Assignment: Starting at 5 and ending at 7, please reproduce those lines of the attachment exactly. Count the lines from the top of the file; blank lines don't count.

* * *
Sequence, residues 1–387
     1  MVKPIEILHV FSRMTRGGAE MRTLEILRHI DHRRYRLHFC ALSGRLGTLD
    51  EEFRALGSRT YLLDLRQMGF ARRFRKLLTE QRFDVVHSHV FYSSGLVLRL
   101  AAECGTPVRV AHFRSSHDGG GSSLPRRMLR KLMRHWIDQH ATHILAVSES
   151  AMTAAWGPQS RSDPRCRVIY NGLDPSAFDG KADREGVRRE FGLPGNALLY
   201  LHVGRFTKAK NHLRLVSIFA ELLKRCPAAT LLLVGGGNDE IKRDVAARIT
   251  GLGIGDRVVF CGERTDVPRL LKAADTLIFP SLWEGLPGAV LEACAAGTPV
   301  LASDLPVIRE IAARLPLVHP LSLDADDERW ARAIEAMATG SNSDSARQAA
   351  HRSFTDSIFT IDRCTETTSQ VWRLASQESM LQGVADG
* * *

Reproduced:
   151  AMTAAWGPQS RSDPRCRVIY NGLDPSAFDG KADREGVRRE FGLPGNALLY
   201  LHVGRFTKAK NHLRLVSIFA ELLKRCPAAT LLLVGGGNDE IKRDVAARIT
   251  GLGIGDRVVF CGERTDVPRL LKAADTLIFP SLWEGLPGAV LEACAAGTPV